Wednesday, October 5, 2005

"Green" standards

Organic

Nationally, the Department of Agriculture is responsible for certifying organic foods. The USDA Organic seal can be found on foods containing at least 95% organic ingredients. Organic crops are defined as being produced without the use of conventional pesticides, fertilizers with synthetic ingredients, sewage sludge, bioengineering, or ionizing radiation. Organic animal products are produced without the use of antibiotics or growth hormones. This production method is generally acknowledged as more sustainable, and helps to enhance the environment as a whole by enriching the soil and cutting down on the harmful runoff of pesticides and fertilizers. An added benefit is keeping excess hormones and pesticides out of our bodies. The cost of organics varies due to produce seasonality (organic produce is only available when naturally ripe) and exotic nature (the harder it is to grow something organically, the higher the price). To learn more visit usda.gov. Source: The United States Department of Agriculture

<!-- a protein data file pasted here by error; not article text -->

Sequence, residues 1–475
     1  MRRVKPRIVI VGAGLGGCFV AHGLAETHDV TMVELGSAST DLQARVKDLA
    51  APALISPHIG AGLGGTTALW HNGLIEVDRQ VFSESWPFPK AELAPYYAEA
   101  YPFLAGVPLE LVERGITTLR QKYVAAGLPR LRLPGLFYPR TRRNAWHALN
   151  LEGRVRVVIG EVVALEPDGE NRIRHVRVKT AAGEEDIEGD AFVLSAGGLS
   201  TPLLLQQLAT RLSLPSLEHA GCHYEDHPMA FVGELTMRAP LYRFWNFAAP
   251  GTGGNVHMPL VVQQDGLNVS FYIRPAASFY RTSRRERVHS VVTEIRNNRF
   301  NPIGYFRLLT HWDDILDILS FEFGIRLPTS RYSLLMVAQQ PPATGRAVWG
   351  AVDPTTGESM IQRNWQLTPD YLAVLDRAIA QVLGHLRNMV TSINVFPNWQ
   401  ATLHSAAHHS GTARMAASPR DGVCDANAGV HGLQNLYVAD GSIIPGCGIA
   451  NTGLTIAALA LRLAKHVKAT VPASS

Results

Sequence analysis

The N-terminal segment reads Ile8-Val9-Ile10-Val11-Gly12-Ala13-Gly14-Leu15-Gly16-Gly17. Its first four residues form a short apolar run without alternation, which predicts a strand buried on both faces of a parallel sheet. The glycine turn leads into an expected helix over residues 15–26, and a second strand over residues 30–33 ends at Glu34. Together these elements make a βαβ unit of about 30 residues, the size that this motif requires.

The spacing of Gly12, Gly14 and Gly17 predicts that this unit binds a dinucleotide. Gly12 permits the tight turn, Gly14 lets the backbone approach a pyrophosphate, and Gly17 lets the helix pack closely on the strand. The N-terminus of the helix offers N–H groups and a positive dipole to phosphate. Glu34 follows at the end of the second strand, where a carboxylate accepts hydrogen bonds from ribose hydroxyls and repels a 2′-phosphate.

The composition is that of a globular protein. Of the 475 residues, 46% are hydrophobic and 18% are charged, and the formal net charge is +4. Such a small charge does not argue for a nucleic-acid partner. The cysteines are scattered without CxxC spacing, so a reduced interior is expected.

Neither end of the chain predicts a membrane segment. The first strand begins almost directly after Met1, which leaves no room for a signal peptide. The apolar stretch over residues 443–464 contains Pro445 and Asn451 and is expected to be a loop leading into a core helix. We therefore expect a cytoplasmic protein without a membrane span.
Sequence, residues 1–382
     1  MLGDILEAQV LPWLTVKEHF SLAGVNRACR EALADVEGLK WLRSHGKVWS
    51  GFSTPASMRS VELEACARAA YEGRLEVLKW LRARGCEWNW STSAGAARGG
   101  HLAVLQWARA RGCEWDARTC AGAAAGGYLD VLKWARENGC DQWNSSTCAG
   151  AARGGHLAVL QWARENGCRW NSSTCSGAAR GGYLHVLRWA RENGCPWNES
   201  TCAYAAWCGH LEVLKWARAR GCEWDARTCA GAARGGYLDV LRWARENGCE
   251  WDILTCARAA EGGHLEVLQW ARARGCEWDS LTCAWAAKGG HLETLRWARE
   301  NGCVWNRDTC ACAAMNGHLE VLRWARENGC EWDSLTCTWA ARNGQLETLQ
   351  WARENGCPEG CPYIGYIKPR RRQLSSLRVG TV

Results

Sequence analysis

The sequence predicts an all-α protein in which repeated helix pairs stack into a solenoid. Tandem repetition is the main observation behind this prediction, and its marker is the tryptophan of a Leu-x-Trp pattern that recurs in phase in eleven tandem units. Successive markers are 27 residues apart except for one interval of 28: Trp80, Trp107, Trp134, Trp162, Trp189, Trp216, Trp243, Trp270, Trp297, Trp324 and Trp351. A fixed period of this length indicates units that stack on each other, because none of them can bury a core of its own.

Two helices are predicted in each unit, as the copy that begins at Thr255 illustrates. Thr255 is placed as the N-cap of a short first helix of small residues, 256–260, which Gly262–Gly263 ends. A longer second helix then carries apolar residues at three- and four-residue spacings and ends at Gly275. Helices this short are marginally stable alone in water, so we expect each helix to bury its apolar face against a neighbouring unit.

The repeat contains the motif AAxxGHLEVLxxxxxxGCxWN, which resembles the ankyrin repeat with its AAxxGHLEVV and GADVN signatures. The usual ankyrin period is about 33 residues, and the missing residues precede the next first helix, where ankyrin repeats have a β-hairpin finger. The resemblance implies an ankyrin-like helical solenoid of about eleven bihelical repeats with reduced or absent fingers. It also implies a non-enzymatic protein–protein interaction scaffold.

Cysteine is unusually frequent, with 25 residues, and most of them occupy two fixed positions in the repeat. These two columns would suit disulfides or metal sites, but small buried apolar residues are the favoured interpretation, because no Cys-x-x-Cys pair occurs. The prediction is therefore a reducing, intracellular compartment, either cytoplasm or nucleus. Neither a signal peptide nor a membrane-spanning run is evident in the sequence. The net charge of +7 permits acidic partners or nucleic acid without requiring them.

FSC Certification

To receive a certification from the Forest Stewardship Council, companies and landowners selling forest products such as timber must practice sustainable forestry management. Independent certification organizations ensure that the companies receiving FSC certification use the forest for environmental and social benefit, as well as in an economically viable manner. Around the world, there are 131 million acres of FSC certified forestland, and retailers throughout the United States carry both building supplies and paper products with FSC certification. For a list of all products and companies with FSC certification visit fscus.org. Source: Forest Stewardship Council

From The Nature Conservancy e-mail

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